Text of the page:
To study the binding between two proteins—whether they bind, when they bind, and what factors influence their binding—researchers typically turn to yeast-two-hybrid systems. In these screens, a reporter gene is turned on when the proteins of interest attach to one another. “Yeast two-hybrid is obviously a good method for high-throughput screens, but it has tons of limitations,” said Cristina Cordoso, a molecular biologist at Technische Universität Darmstadt in Germany. In particular, she noted, the proteins must be inside the nuclei of yeast or Escherichia coli for the screen to work.
The need for a better way to study protein-protein interactions led Cordoso and her colleagues to develop a new technique, described in the October 24, 2013 issue of Nature Communications. The approach begins with the selection of a localization protein—a protein known to reside in one particular compartment in the cell where researchers would like to study the interaction between two other proteins.
The localization protein is covalently linked to a molecule that binds green fluorescent protein (GFP). One of the proteins of interest is then attached to GFP and the other to a red fluorescent protein (RFP). The GFP-tagged protein is recruited to the chosen location by the GFP-binder on the localization protein. By observing RFP, researchers can determine whether the RFP-tagged protein binds the GFP-tagged one.
“We can measure not only binding but we can also measure disruption of the binding,” pointed out Cardoso. “I don’t know of any other single method that can do it all.”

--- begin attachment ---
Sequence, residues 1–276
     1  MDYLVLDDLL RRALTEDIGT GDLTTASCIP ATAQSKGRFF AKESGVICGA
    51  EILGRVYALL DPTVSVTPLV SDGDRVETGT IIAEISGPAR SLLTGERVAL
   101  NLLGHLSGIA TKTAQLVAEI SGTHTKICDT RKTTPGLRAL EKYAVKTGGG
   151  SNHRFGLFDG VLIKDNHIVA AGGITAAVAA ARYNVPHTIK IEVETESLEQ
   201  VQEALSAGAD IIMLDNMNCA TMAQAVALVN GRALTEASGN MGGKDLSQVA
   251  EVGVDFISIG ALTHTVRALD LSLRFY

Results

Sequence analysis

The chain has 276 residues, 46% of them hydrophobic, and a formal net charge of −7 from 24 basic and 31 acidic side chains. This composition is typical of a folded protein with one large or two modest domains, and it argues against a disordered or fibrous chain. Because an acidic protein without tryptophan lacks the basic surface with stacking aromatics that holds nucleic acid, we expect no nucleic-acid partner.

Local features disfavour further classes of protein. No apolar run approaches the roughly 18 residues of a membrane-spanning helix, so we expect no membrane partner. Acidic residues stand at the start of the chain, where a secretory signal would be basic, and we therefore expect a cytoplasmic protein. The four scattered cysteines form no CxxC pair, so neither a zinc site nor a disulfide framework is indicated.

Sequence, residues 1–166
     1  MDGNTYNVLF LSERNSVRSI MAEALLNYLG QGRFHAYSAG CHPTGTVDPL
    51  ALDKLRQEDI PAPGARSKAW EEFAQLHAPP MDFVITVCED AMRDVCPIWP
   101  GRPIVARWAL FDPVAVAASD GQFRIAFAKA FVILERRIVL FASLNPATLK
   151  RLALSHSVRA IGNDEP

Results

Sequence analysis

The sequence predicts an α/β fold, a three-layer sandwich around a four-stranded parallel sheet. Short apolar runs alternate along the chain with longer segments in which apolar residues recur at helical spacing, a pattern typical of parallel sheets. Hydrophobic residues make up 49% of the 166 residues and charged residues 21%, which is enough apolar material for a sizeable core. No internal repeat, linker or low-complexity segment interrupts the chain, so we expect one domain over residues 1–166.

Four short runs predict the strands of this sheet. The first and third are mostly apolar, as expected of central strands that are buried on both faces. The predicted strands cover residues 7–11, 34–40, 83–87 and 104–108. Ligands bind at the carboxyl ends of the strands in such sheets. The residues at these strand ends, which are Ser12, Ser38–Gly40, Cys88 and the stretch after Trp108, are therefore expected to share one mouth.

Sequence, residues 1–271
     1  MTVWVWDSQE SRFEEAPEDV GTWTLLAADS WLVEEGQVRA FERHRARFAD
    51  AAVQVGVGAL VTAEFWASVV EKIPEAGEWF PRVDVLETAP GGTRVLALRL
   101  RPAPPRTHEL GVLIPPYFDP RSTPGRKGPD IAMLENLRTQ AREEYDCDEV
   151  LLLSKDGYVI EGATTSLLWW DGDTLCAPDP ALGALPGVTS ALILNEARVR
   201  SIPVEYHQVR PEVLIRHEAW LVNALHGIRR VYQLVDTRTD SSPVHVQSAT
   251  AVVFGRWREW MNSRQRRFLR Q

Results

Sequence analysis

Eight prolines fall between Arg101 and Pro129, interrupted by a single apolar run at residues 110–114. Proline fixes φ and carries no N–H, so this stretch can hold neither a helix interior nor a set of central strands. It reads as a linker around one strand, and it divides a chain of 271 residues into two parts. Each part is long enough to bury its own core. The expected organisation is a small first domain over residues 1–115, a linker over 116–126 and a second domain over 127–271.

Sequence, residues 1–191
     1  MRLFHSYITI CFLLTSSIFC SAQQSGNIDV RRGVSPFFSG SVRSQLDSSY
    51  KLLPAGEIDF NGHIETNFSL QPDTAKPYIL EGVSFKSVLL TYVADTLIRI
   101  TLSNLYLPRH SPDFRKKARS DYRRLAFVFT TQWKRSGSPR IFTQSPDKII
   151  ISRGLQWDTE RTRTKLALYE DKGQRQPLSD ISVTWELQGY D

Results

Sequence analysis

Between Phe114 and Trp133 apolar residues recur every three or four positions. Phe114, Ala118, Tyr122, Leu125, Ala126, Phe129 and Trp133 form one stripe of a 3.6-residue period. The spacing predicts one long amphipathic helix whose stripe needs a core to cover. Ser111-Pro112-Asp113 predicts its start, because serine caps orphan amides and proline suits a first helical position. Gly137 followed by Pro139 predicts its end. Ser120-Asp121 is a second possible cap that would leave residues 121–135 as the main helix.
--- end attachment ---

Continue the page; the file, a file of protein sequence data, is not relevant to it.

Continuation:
The new method, dubbed fluorescent-three-hybrid, offers more flexibility than other protein binding screens in terms of the types of proteins that can be studied as well as their localization within the cell. It also can measure the disruption of protein binding with precise timing, suggesting a new way to screen drugs that aim to block protein binding.
To test the new fluorescent-three-hybrid approach, Cardoso’s team observed the interaction between p53 and HDM2, proteins relevant to many cancers. With HDM2 anchored in place, p53 clearly localized to the same spot, indicating binding. When the researchers added drugs known to disrupt that binding, the red p53 quickly dispersed throughout the cell, no longer associating with the anchored HDM2.
“We were very happy with the results,” Cardoso said. “I think this could not have worked much better. It worked in any place we used it, even the cytosol.”
The strength of the technique, she said, lies in the flexibility of the location of the protein screen within living human cells. The ease with which the method can measure the disruption of binding suggests that it could easily be adapted for drug screens. In the current study, for example, Cardoso’s team tested three different drugs designed to disrupt p53-HDM2 binding, observing which drug disrupted binding the fastest and most completely.
Cardoso’s lab is working to make the method more quantitative. They are also fine tuning techniques to control the activation of peptides that block protein binding, with plans to combine those methods with fluorescence-three-hybrid screening to reveal even more details of protein binding and dissociation kinetics.
Herce, H.D., Deng, W., Helma, J., Leonhardt, H., Cardoso, M.C. (2013) Visualization and targeted disruption of protein interactions in living cells. Nature Communications. Published online October 24, 2013.